Ageing deepens debt-laden Europe's economic woes
Long after the debt crisis is over, Europe will be grappling with an even more serious problem - how to pay for growing numbers of old people.
The population of some countries is stagnant or already shrinking, notably Germany's. That will reduce savings and potential economic growth.
The workers who remain are getting older and so are less productive. That will hold back living standards.
And the ranks of retirees are swelling. That will threaten the financing of pensions and health care.
In the 27 countries of the European Union, each pensioner is today supported on average by four people of working age. By 2050, this old-age support ratio will have fallen to just 2:1, according to United Nations and EU projections.
Latvia, which has applied to join the euro in 2014, is but an extreme example of these trends. By 2060 there will be four Latvians of working age for every three aged 65.
Because of emigration and low fertility, the Baltic state's population shrank by 14 percent, or 340,000 people, between 2000 and 2011, prompting warnings of an existential threat to the nation.
"I don't want to make apocalyptic statements. I hope that the country can manage. But the alarm bell has rung," said Mihail Hazans, an economics professor at the University of Latvia and the county's leading demographer.
Many European countries are raising the retirement age. And some, including Britain, have favourable population profiles.
But Martins Kazaks, chief economist with Swedbank in Riga, said governments had yet to grasp the magnitude of the policy shifts required.
"If you define the tipping point as the point of no return, then in some respects we have passed it - and not only us, but most of Europe," Kazaks said.
"With an ageing population and the burden of pensions and welfare, the growth rate is going to be lower. If you don't do anything today, the future is going to be a lot more difficult," he added.
Policymakers need look no farther than low-growth Japan to grasp the economic impact of population decline and ageing.
"Europe is the new Japan," said Douglas Roberts, an economist with Standard Life in Edinburgh.
Apart from putting pension systems on a more sustainable footing, investing in education and training so that workers are more productive should be a policy priority, economists say. So should expanding child care to allow more women to join or stay in the work force.
How to share out the cost of ageing spells potential political trouble, pitting cosseted pensioners against younger generations who are overtaxed and overworked.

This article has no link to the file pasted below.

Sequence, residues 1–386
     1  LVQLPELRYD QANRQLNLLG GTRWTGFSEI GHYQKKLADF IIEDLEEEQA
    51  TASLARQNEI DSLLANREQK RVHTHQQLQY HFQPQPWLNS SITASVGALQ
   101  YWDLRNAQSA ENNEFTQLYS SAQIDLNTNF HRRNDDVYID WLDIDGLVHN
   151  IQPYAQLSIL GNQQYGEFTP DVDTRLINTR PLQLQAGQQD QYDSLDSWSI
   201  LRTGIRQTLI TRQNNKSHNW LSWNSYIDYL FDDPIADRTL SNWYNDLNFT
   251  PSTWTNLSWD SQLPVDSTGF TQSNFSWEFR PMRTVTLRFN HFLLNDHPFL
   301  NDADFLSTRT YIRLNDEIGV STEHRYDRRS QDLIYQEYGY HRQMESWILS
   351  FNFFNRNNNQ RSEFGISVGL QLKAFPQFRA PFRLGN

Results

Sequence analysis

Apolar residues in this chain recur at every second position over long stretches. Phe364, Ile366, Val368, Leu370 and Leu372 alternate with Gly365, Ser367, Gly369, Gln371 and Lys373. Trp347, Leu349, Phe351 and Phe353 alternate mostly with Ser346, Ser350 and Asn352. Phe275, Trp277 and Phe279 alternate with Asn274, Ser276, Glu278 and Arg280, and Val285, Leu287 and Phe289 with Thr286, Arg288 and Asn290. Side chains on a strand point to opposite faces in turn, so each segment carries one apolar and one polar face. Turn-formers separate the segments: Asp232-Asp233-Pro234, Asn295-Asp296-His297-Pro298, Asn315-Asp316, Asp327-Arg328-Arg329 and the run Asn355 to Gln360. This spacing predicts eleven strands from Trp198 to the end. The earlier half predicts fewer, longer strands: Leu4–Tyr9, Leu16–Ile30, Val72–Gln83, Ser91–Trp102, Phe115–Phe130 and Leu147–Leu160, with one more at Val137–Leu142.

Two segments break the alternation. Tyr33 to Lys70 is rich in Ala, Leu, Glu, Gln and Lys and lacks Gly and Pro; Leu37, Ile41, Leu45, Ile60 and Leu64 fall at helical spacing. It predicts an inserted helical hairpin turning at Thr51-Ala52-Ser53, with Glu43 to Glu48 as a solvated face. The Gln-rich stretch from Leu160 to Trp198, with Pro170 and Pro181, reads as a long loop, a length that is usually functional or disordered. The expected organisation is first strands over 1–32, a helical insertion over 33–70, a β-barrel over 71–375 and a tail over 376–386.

George Magnus, a senior economic adviser to Swiss bank UBS in London, said it was understandable because of the euro zone crisis that the current focus was on the near-term affordability of welfare.
"But behind that is a very structural issue, which is really about the social model and the rights and obligations of citizens vis-a-vis the state. We are going to have to have that debate," said Magnus, author of "The Age of Aging".
Edward Hugh, an economist in Barcelona, agreed that the sovereign debt crisis gripping the developed world was at root about how to meet implicit liabilities for ever older populations: expectations of future levels of health care and pension provision may prove too optimistic.
As such, Hugh is critical of policymakers in Europe and at the International Monetary Fund for neglecting the impact of demographic change.
"In the absence of policies that acknowledge these issues exist and that then address them, none of the sustainability analyses - debt, financial sector, whatever - are worth the paper they have been written on," he said.
Recession-hit Portugal also illustrates the vicious economic and fiscal circle that Hugh identifies in countries on the periphery of the euro zone as a result of demographics.
Portugal's fertility rate, which stood at 1.32 last year, has been below the 2.1 replacement rate - the number of children each woman needs to have to maintain current population levels - since the early 1980s.
In 2012, only 90,000 children were born, the lowest number in more than a century, as economic fears gave couples pause.
In short, ageing is pre-programmed. By 2050, Portugal is projected to have more people aged 60 or over than any other EU member - 40 percent of the population against 24 percent today.